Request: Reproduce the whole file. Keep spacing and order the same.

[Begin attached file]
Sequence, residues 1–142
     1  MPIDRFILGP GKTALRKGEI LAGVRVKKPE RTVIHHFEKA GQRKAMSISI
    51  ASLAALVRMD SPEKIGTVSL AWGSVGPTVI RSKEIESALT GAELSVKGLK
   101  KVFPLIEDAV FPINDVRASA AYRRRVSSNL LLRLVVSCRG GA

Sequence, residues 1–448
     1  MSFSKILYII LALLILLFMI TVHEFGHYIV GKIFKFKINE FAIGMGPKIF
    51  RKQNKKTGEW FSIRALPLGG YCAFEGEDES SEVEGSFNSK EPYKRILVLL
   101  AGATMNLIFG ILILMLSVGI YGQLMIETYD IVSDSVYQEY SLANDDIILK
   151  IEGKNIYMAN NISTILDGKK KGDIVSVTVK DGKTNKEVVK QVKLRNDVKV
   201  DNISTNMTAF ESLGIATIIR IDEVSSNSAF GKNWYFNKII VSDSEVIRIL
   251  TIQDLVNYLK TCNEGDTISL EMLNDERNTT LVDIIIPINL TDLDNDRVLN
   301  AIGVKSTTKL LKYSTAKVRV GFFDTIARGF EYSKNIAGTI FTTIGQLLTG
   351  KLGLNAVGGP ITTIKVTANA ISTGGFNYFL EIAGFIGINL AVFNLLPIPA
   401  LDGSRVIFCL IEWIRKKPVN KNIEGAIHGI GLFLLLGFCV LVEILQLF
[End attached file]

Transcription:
Sequence, residues 1–142
     1  MPIDRFILGP GKTALRKGEI LAGVRVKKPE RTVIHHFEKA GQRKAMSISI
    51  ASLAALVRMD SPEKIGTVSL AWGSVGPTVI RSKEIESALT GAELSVKGLK
   101  KVFPLIEDAV FPINDVRASA AYRRRVSSNL LLRLVVSCRG GA

Sequence, residues 1–448
     1  MSFSKILYII LALLILLFMI TVHEFGHYIV GKIFKFKINE FAIGMGPKIF
    51  RKQNKKTGEW FSIRALPLGG YCAFEGEDES SEVEGSFNSK EPYKRILVLL
   101  AGATMNLIFG ILILMLSVGI YGQLMIETYD IVSDSVYQEY SLANDDIILK
   151  IEGKNIYMAN NISTILDGKK KGDIVSVTVK DGKTNKEVVK QVKLRNDVKV
   201  DNISTNMTAF ESLGIATIIR IDEVSSNSAF GKNWYFNKII VSDSEVIRIL
   251  TIQDLVNYLK TCNEGDTISL EMLNDERNTT LVDIIIPINL TDLDNDRVLN
   301  AIGVKSTTKL LKYSTAKVRV GFFDTIARGF EYSKNIAGTI FTTIGQLLTG
   351  KLGLNAVGGP ITTIKVTANA ISTGGFNYFL EIAGFIGINL AVFNLLPIPA
   401  LDGSRVIFCL IEWIRKKPVN KNIEGAIHGI GLFLLLGFCV LVEILQLF